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Tanning Bed Dangers

Author: CHKD Medical Group, Dr. Kate Crandley
Published Date: Monday, April 22, 2019

By Dr. Kate Crandley, Tidewater Children's Associates

As the sun sets later each day and temperatures rise, so does the temptation for many adolescents to start working on a tan. Unfortunately, many studies show that too much exposure to UV rays increases the risk for skin cancer – the most common type of cancer nationwide.

Whether you sunbathe outdoors or head to a tanning salon, tanned skin is actually your body’s response to injury, according to the federal Centers for Disease Control and Prevention. Skin cells produce more pigment in response to damaging ultraviolet rays.

Still, many young women and teenagers – especially white teenage girls – use indoor tanning to darken their skin. Studies have found a 75 percent increase in the risk of melanoma, a deadly form of skin cancer, in people who have been exposed to UV radiation from indoor tanning, according to the American Academy of Pediatrics. The risk for melanoma increases with each use.

It’s why the AAP recommends that children and adolescents younger than 18 should not use tanning beds. “There is no safe level of tanning bed use for young people,” wrote Dr. Sandra G. Hassink, former AAP president, in a statement on tanning bed use. “Exposure to ultraviolet radiation causes skin cancer, and tanning beds are designed to directly expose the skin to radiation in amounts several times greater than that provided by natural sunlight.”

Here are three ways parents can help steer their children away from indoor tanning:

Set a good example.

CDC authorities say teens and young adults are more likely to use indoor tanning if they believe their parents are okay with it. Research shows that teens often start tanning with a friend or a family member. One in three people who use indoor tanning devices started the habit before they turned 18.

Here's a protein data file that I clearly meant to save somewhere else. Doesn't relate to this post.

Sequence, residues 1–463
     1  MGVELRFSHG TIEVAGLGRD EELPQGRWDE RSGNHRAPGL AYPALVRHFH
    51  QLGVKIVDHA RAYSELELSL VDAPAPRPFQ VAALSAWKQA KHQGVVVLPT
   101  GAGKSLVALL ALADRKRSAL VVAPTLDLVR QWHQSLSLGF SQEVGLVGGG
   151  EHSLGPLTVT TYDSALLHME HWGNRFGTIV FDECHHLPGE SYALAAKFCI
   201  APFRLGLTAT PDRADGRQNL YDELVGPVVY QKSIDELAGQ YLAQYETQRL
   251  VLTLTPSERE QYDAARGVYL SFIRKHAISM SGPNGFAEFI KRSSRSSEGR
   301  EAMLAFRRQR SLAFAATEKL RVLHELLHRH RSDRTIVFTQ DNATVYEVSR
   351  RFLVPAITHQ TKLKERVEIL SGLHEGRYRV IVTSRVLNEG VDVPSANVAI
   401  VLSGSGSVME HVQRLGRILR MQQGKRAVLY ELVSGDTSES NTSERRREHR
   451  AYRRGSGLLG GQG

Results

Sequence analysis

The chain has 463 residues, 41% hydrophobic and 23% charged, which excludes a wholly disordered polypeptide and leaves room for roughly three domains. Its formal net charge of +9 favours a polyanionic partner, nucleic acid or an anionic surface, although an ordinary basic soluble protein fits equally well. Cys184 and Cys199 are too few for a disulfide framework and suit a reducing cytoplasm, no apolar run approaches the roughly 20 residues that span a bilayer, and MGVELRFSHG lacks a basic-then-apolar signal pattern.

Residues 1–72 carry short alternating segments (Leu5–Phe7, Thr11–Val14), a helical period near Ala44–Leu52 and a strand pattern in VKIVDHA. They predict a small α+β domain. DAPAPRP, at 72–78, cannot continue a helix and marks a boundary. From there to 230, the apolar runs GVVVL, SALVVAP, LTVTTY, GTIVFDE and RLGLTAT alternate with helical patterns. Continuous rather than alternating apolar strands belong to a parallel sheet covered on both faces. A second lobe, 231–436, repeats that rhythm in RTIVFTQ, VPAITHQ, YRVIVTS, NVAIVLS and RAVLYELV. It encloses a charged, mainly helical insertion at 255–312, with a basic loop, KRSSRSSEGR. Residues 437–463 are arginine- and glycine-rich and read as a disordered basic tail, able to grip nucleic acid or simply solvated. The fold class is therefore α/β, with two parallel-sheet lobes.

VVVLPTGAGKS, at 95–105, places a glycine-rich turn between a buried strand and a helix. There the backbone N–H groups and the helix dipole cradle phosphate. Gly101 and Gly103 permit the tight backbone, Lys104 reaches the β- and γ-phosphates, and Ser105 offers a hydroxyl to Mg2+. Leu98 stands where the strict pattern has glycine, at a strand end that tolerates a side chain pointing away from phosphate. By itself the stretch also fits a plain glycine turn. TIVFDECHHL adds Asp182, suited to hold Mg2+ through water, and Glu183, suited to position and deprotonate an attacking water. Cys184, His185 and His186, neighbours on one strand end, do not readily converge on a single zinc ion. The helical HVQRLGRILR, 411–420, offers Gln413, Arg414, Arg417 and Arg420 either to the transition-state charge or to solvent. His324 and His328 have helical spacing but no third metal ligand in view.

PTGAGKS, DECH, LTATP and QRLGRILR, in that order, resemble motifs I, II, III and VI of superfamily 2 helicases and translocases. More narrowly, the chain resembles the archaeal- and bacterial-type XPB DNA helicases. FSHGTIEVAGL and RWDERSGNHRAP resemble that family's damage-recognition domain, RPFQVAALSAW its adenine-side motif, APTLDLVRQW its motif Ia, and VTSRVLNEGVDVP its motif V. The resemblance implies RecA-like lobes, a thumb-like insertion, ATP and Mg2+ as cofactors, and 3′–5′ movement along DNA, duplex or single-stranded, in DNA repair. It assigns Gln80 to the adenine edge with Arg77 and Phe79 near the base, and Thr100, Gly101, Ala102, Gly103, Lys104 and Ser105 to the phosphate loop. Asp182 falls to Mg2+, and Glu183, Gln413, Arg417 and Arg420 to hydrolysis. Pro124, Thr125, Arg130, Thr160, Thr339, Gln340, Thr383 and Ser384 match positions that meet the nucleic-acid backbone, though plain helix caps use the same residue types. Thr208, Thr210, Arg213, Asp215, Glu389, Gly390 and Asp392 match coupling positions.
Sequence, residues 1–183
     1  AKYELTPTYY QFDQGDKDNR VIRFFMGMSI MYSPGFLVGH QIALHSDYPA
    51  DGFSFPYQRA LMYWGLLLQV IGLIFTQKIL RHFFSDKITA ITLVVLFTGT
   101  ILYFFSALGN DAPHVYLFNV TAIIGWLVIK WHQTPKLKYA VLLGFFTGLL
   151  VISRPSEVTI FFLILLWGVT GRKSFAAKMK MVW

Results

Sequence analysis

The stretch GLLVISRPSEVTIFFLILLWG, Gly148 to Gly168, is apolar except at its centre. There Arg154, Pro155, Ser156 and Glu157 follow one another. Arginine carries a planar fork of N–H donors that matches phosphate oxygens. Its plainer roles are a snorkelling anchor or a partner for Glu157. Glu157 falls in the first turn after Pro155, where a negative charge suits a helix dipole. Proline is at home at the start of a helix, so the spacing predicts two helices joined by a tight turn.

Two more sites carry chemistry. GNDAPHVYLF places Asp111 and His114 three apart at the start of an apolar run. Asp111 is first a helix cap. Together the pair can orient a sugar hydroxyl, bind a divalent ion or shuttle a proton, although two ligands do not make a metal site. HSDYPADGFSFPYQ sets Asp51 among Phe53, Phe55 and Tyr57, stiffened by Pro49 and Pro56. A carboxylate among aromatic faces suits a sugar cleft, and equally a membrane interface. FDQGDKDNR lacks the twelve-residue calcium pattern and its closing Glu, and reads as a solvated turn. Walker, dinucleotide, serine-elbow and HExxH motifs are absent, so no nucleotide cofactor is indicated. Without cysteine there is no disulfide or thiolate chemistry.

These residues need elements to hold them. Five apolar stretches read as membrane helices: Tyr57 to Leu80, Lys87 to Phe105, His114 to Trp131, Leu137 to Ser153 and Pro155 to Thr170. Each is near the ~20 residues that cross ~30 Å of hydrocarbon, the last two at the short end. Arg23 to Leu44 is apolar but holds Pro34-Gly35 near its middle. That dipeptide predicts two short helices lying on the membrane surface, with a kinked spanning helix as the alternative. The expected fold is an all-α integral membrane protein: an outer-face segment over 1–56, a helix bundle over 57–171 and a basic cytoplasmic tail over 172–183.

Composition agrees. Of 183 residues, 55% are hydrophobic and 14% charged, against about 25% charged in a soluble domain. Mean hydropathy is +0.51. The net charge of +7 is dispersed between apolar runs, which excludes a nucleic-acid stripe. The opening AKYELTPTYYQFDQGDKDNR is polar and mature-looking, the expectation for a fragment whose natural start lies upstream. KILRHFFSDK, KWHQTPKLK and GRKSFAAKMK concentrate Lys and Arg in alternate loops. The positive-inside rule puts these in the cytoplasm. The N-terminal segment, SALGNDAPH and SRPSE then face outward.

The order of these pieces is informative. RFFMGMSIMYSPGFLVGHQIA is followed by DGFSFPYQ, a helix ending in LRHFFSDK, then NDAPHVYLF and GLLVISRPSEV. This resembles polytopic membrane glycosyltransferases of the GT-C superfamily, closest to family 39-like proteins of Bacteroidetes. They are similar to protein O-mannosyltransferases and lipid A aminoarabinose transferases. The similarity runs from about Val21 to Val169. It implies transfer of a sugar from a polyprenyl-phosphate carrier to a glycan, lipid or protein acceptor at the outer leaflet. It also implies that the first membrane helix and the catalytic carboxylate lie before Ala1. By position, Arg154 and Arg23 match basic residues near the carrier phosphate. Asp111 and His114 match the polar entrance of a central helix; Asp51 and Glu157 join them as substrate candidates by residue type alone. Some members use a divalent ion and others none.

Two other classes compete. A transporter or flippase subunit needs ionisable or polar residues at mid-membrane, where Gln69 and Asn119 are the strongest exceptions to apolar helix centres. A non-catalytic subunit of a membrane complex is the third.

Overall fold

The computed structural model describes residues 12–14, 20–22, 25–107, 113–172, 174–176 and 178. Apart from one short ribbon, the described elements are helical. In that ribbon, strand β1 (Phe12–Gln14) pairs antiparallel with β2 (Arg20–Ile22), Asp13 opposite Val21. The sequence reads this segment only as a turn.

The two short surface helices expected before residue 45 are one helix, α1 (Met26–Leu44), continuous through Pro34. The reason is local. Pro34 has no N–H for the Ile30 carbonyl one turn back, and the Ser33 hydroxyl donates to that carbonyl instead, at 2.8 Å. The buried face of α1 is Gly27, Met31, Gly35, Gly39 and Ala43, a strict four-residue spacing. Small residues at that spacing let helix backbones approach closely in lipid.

Practice sun safety.

Teach your children from an early age about the importance of protecting their skin from sunburn. Avoid being in the sun between 10 a.m. and 4 p.m. when the sun’s rays are strongest. Remember to use a broad-spectrum sunscreen with a sun protection factor (SPF) of at least 15 to protect against ultraviolet A and B rays. Make sure your child wears a wide-brimmed hat, sunglasses, and a long-sleeved shirt. Seek the shade when you’re outdoors.

Talk about skin cancer prevention.

Help your child understand that indoor tanning can cause skin cancers including melanoma, basal cell carcinoma, and squamous cell carcinoma. UV ray exposure also causes cataracts and cancers of the eye, according to the CDC.



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About CHKD Medical Group

Children’s Hospital of The King’s Daughters has been the region’s most trusted name in pediatric care for more than 50 years. As members of CHKD Health System, our pediatricians work closely with CHKD’s full range of pediatric specialists and surgeons. They also share a commitment to quality, excellence and child-centered care. With 18 practices in 29 locations throughout the region, a CHKD pediatrician is never far.